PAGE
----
2016-08-25T11:00:54-04:00 2016-08-24T20:20:08-04:00

Vinyl: A once vintage music medium now a collectible art form. But is that a bad thing?

On November 14, 1969, David Bowie released Space Oddity, and people bought it on vinyl, because that was how music was sold. On July 30, 2016, Third Man Records announced they had launched a custom “space-proof” turntable playing Carl Sagan’s “A Glorious Dawn” on repeat into outer space, and people bought the limited-edition version of the Sagan 7” featuring etched artwork , because that is how vinyl is now marketed.

I was there at Jack White’s Third Man Records in Nashville when a video stream of the turntable space launch (which actually happened on July 2 in Idaho) was played inside the venue’s famous Blue Room. There were golden balloons, and mimosas, and a blistering set from the Soledad Brothers as several camera angles showed the craft, dubbed “Icarus,” reach 94,413 feet courtesy of a weather balloon. The whole affair was part of Third Man Records’ 7 th Anniversary celebration, and the specific Sagan vinyl that made its voyage to the stars was the company’s 3,000,000th record pressed.

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Whereas vinyl was once the audiophiles’ medium, widely celebrated for its superior sound and lasting durability, the modern-day market cares less about sharp low-ends and more about what crazy jelly bean color a record is pressed in. Companies like Third Man Records and Austin’s Mondo have seized on this market, using their customers’ collective nostalgia and disposable income as inspiration for their product lines. But lest I lead you to believe I am one of the jaded masses who dismiss these releases as indulgent commercialism, let me share a few of the treasures I’ve amassed in recent years.

One favorite is Mondo’s Jurassic Park score, presented in a gatefold cover with artwork from Dan McCarthy and featuring two LPs pressed on “translucent amber” vinyl with a mosquito in the center for good measure. Another keeper is Third Man Records’ release of The White Stripes’ Complete John Peel Sessions BBC, printed on white and red vinyl for the 2016 installment of Record Store Day. Both items were limited releases (the Jurassic Park vinyl is going for preposterously high amounts on eBay), but what makes them special isn’t their exclusivity or resell price.


In a world of digital streams and MP3 files, the physical properties of music have fallen by the wayside. One can imagine back in 1969 that there were likely group listening sessions at the house of whoever had ponied up for Space Oddity. Braver souls might even have traveled with their vinyl in hand, certain they were about to improve whatever party they might be on the way to with the records tucked under their arms. Now we trade USB sticks and post Soundcloud tracks on each other’s Facebook walls. Record collections are measured not by how many albums are crammed next to your turntable but by how many days’ worth of music your iTunes library calculates you have stored.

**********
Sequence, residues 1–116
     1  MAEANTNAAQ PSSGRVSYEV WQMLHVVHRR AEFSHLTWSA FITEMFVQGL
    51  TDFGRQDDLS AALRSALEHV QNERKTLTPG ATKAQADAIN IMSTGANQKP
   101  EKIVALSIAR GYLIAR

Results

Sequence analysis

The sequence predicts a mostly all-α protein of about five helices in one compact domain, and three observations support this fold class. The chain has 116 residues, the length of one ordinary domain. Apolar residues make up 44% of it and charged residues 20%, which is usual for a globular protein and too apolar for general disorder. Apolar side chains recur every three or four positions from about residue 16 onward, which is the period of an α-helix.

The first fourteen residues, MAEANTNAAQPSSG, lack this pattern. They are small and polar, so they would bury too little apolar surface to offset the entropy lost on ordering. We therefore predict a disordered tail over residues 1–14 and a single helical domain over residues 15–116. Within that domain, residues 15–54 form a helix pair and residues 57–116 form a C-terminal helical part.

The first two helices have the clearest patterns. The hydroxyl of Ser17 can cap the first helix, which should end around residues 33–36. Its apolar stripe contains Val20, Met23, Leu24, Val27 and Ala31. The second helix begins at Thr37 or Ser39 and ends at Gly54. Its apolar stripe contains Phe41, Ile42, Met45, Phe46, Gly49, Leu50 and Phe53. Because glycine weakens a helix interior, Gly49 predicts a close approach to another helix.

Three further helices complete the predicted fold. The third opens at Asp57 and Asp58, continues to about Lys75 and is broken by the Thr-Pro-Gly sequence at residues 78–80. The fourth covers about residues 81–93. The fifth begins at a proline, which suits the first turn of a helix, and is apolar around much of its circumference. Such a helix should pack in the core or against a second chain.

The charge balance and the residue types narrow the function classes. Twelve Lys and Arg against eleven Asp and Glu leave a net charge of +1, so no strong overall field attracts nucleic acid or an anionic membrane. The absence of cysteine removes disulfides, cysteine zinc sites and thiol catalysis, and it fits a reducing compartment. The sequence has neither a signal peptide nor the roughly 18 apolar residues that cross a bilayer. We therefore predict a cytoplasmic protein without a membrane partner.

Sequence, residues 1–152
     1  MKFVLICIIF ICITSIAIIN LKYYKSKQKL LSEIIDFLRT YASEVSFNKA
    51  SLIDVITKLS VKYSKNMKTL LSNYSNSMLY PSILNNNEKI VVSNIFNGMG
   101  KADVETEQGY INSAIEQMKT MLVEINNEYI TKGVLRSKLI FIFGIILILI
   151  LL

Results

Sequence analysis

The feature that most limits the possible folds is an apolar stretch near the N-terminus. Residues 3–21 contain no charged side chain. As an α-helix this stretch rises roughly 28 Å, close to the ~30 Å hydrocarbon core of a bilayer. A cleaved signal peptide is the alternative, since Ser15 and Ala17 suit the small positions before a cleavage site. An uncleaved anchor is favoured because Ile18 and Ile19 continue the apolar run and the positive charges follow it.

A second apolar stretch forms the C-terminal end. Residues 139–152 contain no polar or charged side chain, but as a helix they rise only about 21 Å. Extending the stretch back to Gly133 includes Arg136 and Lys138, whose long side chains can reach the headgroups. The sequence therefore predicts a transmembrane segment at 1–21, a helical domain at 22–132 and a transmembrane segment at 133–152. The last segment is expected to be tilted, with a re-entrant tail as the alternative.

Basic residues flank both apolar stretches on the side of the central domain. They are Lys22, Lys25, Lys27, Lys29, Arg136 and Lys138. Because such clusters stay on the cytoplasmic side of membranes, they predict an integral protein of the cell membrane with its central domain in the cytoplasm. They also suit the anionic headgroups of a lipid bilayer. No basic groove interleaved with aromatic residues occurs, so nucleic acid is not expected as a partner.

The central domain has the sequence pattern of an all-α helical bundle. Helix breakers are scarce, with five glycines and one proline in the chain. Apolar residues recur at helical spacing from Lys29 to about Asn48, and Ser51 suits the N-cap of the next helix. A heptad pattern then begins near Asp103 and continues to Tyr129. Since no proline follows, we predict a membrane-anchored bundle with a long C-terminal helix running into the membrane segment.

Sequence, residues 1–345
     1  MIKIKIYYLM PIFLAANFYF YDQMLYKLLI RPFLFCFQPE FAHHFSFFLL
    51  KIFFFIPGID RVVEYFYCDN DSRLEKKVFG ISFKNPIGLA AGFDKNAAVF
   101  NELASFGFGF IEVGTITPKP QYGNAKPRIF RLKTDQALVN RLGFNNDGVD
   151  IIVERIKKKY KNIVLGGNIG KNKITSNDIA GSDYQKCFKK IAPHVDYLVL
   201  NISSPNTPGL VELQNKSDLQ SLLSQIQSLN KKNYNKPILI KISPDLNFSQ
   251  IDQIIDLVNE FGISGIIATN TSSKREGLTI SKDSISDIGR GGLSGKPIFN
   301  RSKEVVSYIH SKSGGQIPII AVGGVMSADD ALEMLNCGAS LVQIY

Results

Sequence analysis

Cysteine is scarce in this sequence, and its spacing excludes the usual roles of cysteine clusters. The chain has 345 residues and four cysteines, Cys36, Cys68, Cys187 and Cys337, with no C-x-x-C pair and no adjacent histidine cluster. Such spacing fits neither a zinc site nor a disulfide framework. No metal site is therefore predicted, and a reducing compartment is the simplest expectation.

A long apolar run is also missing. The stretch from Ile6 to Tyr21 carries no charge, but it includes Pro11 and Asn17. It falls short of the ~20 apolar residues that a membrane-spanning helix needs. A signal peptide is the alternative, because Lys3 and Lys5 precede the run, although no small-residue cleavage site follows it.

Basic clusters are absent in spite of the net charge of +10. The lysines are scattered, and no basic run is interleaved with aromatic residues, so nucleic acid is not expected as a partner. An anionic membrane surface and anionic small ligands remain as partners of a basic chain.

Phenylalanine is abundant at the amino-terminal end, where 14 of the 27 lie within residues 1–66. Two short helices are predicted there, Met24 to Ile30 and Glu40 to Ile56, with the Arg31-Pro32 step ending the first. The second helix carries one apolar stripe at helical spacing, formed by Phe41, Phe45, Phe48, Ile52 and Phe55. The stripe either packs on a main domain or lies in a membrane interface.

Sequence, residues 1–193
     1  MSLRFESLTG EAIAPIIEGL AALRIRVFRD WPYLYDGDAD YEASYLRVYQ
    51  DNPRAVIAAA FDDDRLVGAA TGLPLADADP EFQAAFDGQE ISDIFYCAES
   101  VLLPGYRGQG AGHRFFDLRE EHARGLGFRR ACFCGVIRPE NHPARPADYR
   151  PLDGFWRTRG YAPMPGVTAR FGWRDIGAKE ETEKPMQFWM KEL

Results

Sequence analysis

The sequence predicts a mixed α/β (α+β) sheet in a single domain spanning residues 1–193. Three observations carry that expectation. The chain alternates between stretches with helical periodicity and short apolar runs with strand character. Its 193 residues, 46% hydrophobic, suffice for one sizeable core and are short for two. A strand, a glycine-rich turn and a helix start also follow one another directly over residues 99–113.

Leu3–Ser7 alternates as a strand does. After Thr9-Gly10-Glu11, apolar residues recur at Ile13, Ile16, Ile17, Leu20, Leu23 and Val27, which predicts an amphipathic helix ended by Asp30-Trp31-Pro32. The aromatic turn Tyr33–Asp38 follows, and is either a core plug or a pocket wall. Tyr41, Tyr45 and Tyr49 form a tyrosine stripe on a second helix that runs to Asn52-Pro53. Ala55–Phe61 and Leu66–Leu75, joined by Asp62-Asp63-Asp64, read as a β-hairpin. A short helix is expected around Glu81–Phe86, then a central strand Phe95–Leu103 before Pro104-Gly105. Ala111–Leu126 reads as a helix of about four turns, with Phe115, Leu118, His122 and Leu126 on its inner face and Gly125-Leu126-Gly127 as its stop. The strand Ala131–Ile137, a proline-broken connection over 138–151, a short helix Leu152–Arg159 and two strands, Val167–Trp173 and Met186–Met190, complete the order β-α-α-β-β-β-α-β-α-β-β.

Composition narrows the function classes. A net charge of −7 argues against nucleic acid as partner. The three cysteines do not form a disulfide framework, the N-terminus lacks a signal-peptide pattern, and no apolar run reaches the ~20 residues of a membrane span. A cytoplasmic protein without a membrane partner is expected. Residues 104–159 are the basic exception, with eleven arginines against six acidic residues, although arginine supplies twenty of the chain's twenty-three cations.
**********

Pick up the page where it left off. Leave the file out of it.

Well, Mondo and Third Man Records aren’t having it and thank God.

One of my favorite artists is the songwriter, producer, and composer Jon Brion. I’ve loved Brion since high school and count the two times I’ve seen him at Largo in Los Angeles as religious experiences. But as an artist with one proper album (2001’s Meaningless), owning his music on vinyl was pretty much a pipe dream. That is until Mondo decided to press his score for ParaNorman as part of 2014’s Record Store Day. Yes, the vinyl was “highlighter yellow vinyl with bone haze,” but the sexy particulars are almost beside the point. What matters is that this new collective hunger for vinyl made it possible for the score to an animated children’s film to be given a wide-scale release. People bought it, and ogled at it, and hopefully even listened to it.


Thanks to the advent of collectible vinyl, I now have a record from one of my favorite musicians that otherwise would never have existed.

Third Man Records has done their part too, recently announcing their intentions to reissue the entire Document Records recorded works of legendary blues artists Charley Patton, Blind Willie McTell, and the Mississippi Sheiks. Certainly, there are other labels and vinyl-focused companies doing their part as well, but what counts here is that while the commodification of vinyl may strike some as a pretentious lark, in reality, it is empowering a number of artists who might otherwise have had no chance of moving physical copies of their work.

Next time you hit a concert, stop by the merch table and see what they have to offer. There will likely be buttons, and maybe a shirt or a poster, but more often than not, there will be a vinyl record of the band’s latest release for sale as well. Surveying the mayhem at Third Man Records’ 7 th Anniversary Party and Icarus launch, what I saw was not greedy millennials with eBay in their eyes but music fans clutching their vinyl close to their chests. Mondo and Third Man Records have made owning real records cool again.

That is a concept that is truly out of this world.


Photo credit: Courtesy of Third Man Records / Courtesy of Mondo

Feature · Main Stage · Opinion Piece


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